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Voices ᐋ ᐄᔮᔨᐧᒫᓂᐧᐃᒡ

The opioid epidemic

BY Xavier Kataquapit Apr 26, 2019

Far too often, even up here in northern Ontario wonderful young people are passing away because they took a drug so powerful they had no way of knowing it would kill them. The opioid epidemic over the past decade, and more recently with the arrival of fentanyl, means that many more young people are dying.

Fentanyl, which started out as a prescription medication, is now illegally produced in many parts of the world, mainly in China and Mexico. It is an extremely powerful opioid created for pain management. It is also is incredibly toxic. People most of the time have no idea how easily they can overdose on this drug.

Fentanyl can be up to 100 times stronger than morphine and up to 40 times stronger than heroin. It is often mixed with these drugs, and occasionally with cocaine. People who are into partying and taking risks like this drug because it provides a very quick high. When mixed with other drugs it becomes very dangerous and even a miniscule amount can kill – which it does by stopping the respiratory system.

It is so toxic that anyone dealing with an overdose victim is advised not to perform full CPR as incidental contact with the drug can harm or kill the first responder. When it is suspected that fentanyl is present in a room or vehicle, that area will often be quarantined and cleaned up. Exposure to a tiny amount can be fatal.

Thousands of people are dying of fentanyl overdoses every year in Canada, leading medical and addiction specialists to say we are in an epidemic. Most of those who take it are unsuspecting and in many ways are people we consider as normal – gainfully employed and without a criminal record.

There has been a recent history of pharmaceutical companies pushing new opioid drugs onto the market as painkillers. Although some of this was directed to patients in the medical system requiring substantial pain relief, it was often easily prescribed and resulted in terrible addictions. People did not realize that when they had a tooth pulled and got a prescription for drugs like OxyContin they could end up with a powerful addiction.

Just one of these pharmaceutical giants – Purdue – earned more than $35 billion US in 2017 alone. Their motivation is clear: win phenomenal riches, no matter the cost to society.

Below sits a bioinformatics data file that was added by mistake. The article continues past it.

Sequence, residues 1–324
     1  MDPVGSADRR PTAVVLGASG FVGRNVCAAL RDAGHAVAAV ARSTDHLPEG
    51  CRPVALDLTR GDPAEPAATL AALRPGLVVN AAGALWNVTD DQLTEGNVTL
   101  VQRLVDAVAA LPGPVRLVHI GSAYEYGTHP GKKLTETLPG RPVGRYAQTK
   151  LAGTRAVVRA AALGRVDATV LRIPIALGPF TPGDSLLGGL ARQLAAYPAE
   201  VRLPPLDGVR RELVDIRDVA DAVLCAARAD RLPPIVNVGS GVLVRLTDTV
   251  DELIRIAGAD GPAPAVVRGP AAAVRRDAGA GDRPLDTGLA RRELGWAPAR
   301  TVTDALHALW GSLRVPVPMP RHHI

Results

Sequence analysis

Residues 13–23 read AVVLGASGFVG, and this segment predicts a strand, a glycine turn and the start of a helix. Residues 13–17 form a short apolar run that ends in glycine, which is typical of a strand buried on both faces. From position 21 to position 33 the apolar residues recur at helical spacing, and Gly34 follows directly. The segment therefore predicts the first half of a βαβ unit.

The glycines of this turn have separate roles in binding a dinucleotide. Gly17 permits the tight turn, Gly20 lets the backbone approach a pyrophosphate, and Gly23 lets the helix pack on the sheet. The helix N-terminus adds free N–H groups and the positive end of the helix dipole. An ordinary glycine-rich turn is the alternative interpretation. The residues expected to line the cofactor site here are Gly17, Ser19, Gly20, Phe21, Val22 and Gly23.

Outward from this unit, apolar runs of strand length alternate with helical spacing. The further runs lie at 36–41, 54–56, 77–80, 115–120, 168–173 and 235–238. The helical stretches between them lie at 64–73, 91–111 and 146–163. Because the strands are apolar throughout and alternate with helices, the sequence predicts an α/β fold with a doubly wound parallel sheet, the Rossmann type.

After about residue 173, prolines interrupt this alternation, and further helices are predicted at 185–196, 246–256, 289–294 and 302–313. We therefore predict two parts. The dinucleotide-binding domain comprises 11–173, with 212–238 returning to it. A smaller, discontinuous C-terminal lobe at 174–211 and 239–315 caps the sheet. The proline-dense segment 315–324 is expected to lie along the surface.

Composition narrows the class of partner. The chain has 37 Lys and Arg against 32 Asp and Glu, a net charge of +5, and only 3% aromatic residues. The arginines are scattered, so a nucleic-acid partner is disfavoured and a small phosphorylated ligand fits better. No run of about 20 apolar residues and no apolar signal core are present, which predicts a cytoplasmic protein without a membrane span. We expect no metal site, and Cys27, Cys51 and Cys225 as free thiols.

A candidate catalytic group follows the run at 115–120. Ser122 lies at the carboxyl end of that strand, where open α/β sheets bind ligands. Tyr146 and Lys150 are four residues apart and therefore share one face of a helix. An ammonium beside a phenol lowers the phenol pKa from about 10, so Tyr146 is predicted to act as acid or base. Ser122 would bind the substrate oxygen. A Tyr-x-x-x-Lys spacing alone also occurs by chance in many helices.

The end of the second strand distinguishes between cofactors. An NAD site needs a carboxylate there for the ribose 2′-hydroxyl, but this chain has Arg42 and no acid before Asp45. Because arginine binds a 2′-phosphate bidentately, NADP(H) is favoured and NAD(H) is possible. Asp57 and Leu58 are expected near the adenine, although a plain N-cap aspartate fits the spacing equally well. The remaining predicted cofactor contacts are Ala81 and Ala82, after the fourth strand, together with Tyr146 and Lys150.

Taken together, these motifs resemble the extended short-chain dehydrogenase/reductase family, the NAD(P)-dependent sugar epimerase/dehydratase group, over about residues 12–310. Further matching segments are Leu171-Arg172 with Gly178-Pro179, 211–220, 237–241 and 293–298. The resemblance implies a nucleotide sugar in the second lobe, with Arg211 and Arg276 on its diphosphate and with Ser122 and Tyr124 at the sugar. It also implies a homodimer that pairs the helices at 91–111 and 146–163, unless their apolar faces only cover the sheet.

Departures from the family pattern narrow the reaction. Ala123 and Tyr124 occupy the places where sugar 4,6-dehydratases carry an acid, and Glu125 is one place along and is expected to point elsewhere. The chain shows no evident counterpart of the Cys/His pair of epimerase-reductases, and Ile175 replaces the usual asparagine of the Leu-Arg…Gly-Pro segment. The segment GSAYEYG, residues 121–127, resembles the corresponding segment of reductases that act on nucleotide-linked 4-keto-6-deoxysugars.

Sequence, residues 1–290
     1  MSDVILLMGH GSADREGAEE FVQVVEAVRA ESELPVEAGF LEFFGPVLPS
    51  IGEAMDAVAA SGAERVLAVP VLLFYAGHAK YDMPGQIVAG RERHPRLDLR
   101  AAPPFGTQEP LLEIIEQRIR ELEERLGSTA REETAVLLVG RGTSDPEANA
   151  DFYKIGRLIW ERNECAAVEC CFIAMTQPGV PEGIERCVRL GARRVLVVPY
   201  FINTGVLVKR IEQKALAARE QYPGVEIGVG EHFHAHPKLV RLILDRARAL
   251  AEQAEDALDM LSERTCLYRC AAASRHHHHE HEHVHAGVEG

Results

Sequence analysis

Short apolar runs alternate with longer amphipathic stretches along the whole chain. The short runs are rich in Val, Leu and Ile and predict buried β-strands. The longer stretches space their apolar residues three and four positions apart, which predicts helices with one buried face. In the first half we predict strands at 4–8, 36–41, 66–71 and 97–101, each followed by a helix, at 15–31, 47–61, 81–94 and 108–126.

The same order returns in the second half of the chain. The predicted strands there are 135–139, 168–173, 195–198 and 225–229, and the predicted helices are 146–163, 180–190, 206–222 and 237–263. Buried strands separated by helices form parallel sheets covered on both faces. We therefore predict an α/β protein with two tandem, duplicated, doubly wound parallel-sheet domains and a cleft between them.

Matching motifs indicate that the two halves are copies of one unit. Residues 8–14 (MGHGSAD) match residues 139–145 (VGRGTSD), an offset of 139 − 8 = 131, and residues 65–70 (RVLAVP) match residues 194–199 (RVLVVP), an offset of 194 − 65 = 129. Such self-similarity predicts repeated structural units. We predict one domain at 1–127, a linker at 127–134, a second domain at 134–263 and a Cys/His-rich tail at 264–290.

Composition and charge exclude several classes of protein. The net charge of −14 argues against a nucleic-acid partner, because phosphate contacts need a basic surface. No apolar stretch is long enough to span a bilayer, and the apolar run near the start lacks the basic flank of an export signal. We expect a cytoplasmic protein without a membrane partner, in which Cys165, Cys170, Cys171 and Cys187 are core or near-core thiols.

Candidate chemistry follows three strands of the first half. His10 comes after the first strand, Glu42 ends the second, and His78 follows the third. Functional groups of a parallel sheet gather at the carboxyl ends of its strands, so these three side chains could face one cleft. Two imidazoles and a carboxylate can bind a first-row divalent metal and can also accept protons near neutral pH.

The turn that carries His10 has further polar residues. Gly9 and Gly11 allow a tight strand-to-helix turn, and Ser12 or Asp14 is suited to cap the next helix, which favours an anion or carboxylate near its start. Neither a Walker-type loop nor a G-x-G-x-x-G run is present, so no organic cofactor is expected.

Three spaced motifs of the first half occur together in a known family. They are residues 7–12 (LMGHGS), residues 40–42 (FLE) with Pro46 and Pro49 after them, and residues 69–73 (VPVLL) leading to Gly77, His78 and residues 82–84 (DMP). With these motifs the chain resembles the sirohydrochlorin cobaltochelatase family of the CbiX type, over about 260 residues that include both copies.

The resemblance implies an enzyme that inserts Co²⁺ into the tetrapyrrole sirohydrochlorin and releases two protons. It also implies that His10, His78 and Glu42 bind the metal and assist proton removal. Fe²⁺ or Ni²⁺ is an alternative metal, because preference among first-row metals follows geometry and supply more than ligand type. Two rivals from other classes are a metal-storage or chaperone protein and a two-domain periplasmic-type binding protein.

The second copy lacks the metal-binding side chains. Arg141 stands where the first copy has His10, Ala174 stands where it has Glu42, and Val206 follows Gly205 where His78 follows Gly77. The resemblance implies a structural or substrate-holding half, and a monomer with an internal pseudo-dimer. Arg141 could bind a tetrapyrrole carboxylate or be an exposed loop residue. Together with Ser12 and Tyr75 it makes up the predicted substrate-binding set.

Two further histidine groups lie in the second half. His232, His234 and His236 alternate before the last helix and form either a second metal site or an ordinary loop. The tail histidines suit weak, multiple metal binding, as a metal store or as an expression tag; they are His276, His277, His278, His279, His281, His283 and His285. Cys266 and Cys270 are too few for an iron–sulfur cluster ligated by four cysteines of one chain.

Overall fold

Some people who succumb to these opioids are dealing with mental illness and chronic addiction problems, but mostly those dying are a normal representation of our society.

In the Native community, the small-sized doses and easy transportation and smuggling of these drugs make it far too easy to move them into remote northern communities. The ease of access, the ease of transport and the highly addictive quality of these drugs are devastating Native communities.

We all have to work a little harder at educating our youth about the dangers of drug abuse and addictions. The so-called war on drugs has a history of not working and only ends up criminalizing people who are already helpless. We have to look at continued criminalization of the drug dealers and producers, but change our attitude in dealing with the addicts and users. They need to be cared for and directed towards a healthier lifestyle.

We also have to make sure the huge pharmaceutical companies that are responsible for pushing these drugs onto the market are regulated to a higher degree. The same goes for our medical professionals who have been prescribing these terrible drugs. I had a hard enough time making it through all of the addiction obstacles I ran into as a teenager in the 1990s and I know very well that being a teen today is way more difficult. You can end up dead just for ingesting some small amount of a drug at a party. That is unacceptable.

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Xavier Kataquapit is Cree from Attawapiskat First Nation on the James Bay coast. He is a writer and columnist who has written about his life and Indigenous issues since 1998.